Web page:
During the same period that Edison, Bell, and Berliner were working on their sound recording devices, others were working on developing methods of magnetic recording of sound waves. Instead of imprinting the pattern os sound waves on a disc or cylinder, it is translated into a series of magnetic domains and we can store these on a variety of media. Oberlin Smith in 1888 claimed the first patent for such. Later, a man by the name of Poulson created a magnetic sound recorder that used steel tape as the recording medium. He exhibited his invention at the Paris Exhibition in 1900, calling his device a Telegraphone.

The radio broadcast industry was very interested in equipment that could store sound and immediately play it back. Since they could then repeat some broadcast material – such as newscasts – whenever they wanted. They could easily erase the tape and use it again. This was another major benefit. Work by DeStille in 1924 resulted in the Blattnerphone, and this impressed the British Broadcasting Company so much that they became involved in the development process. The Marconi Wireless Telegraph Company also jumped into the development effort, using steel-based magnetic tape that was initially biased to saturation. Rudimentary magnetic recorders were also produced, although the early versions required literally miles of steel tape to accommodate 20 or 30 minutes of recorded sound.

Cumbersome steel-based tapes gave way to plastic-based magnetic tape. It was possible to formulate the magnetic oxides coating plastic-based tape to change their recording and sound-storage properties. Undesirable characteristics such as print-through (the tendency of magnetic signals to leach through one layer of tape and affect adjacent layers) could be minimized through a choice of magnetic oxide.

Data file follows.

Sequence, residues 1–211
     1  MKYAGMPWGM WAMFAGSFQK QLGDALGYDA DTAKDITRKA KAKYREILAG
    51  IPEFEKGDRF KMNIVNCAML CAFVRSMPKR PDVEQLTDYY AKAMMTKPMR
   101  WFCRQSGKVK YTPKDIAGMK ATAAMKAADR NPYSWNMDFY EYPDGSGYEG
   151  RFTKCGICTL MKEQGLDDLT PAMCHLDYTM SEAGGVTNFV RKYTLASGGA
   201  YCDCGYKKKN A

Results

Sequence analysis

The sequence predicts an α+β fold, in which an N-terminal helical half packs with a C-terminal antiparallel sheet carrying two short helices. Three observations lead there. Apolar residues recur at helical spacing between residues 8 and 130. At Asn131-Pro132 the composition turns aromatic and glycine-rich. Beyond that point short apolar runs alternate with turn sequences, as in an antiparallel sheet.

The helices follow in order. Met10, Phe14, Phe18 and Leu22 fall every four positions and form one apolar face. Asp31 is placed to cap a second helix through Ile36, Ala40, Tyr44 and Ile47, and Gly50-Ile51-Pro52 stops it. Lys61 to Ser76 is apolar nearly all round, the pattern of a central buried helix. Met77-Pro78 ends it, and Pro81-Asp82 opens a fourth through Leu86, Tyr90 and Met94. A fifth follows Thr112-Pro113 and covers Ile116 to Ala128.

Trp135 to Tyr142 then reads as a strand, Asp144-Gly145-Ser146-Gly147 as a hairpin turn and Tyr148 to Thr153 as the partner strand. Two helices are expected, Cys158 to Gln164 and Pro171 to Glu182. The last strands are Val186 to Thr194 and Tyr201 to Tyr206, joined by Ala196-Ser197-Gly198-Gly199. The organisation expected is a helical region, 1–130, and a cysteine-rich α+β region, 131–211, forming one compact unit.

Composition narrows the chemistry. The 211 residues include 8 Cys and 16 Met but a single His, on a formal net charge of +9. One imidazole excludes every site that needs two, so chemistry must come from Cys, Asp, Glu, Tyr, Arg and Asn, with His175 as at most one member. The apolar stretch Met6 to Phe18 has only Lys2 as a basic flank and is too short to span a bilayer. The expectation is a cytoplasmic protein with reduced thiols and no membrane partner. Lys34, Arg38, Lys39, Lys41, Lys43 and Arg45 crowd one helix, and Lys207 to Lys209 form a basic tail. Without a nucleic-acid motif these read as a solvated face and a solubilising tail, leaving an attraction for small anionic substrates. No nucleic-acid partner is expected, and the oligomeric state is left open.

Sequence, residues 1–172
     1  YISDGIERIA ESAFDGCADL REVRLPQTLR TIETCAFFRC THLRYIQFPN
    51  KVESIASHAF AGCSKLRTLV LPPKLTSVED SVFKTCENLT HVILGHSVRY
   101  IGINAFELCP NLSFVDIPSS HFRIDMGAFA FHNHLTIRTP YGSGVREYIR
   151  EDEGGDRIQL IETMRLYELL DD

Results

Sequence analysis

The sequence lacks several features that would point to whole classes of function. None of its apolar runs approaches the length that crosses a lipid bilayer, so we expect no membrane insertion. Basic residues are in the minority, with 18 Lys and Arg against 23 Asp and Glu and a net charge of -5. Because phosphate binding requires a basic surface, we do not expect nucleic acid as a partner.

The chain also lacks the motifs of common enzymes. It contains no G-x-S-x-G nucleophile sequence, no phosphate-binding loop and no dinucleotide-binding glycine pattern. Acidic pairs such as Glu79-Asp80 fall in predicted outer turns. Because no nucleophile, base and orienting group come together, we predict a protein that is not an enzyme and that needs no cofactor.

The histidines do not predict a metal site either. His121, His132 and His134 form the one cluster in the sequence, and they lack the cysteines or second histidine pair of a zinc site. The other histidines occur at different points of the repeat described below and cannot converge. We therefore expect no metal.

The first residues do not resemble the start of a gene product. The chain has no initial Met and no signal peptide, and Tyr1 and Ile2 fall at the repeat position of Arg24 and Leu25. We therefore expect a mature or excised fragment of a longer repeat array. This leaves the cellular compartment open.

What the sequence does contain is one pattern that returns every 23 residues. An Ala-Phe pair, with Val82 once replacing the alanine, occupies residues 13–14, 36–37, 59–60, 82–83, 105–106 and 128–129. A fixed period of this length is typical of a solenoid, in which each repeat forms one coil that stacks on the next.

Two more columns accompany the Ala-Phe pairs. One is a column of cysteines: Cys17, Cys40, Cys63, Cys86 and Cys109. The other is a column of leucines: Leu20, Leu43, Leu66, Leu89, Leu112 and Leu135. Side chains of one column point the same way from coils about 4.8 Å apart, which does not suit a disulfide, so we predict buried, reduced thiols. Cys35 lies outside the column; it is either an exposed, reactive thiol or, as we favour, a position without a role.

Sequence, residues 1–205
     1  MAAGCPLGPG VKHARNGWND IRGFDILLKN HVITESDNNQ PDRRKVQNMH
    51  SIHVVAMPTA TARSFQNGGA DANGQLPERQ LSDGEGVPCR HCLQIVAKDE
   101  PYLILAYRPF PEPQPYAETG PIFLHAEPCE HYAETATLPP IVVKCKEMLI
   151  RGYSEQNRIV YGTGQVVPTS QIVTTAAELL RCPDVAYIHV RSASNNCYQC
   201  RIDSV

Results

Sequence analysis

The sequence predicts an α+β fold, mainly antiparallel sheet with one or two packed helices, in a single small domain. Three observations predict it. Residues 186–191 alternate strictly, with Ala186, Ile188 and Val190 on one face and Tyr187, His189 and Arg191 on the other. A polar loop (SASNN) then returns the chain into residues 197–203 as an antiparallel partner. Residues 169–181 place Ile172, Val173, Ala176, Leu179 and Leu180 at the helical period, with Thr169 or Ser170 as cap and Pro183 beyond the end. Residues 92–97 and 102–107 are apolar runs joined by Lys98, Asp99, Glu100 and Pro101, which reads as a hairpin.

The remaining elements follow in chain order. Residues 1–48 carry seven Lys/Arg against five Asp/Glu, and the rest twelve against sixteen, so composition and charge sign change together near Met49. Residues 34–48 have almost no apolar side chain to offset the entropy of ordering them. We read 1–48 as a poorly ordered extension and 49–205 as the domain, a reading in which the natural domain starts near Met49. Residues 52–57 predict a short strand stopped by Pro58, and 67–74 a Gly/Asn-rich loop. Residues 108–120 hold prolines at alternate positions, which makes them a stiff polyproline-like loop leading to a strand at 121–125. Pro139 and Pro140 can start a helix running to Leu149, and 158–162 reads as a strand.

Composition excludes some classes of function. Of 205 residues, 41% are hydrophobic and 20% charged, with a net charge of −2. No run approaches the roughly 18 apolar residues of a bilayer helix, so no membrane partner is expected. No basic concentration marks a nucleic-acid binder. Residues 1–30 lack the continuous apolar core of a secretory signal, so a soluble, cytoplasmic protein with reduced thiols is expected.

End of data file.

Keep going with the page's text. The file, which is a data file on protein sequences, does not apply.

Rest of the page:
We still use magnetic methods of recording in cassette recorders and reel-to-reel decks today, and we have made improvements in electronics, recording media, magnetic recording heads, and noise-reduction techniques which have maintained the viability of this recording method. However this method of recording is subject to certain limitations that have been largely overcome by digital recording techniques. Digital storage method have anabled signal-to-noise ratios of recorded sounds, among other factors, to be greatly improved.

After many years of development, digital recording gear has largely surpassed analogue, reel-to-reel, and magnetic tape recorders. Digital recording machines – such as the DAT, ADAT, RDAT, recordable mini-disc, portable studios with removable hard disk drive storage, and home computers have changed our perception of “high-fidelity” audio to startlingly clearer levels. In the digital realm, the signal-to-noise ratio is greatly improved over analogue equipment, meaning the dynamic representation of the music is greatly improved. The familiar hiss and tape noise common to analogue recording is conspicuously absent in digital recordings. This particular improvement in recording techniques ensures that the softest passages in a recorded musical work or speech will be as free of noise as the loudest levels of recorded audio. The recordist has a greater dynamic range to work with when using digital recording techniques, and fewer processing “tricks” are required to guarantee an effective sound recording.


Past tense is common.

Chronological order is also common, but when we are speaking about past events, it is necessary to be explicit about the order in which things happened. To make the order clear, we mention dates and time, and we also use various links and connectives.


In 1942, …

During the 20th century, …

Yesterday, …

Twenty five years ago, …



Before he was offered a job as a lecturer,

he had finished his research.

Before this, .

For the previous X years, .

Prior to this, .

Previously, .

X years previously, .


. before which .

. prior to which .


As soon as

he had finished his research,

he was offered a job as a lecturer.

On finishing his research,
After finishing his research,
Having finished his research,
On finishing his research,

he was offered a job as a lecturer.

For the following X years, …

X years later, …

After .

Following this, …

When .

Subsequently, …

Soon/Shortly/Immediately afterwards, …

… following which …

… after which …


While he was doing his research,

he made an important discovery.


doing his research,


During his research,

During this period, .

Throughout this period, .

… during which …

… throughout which …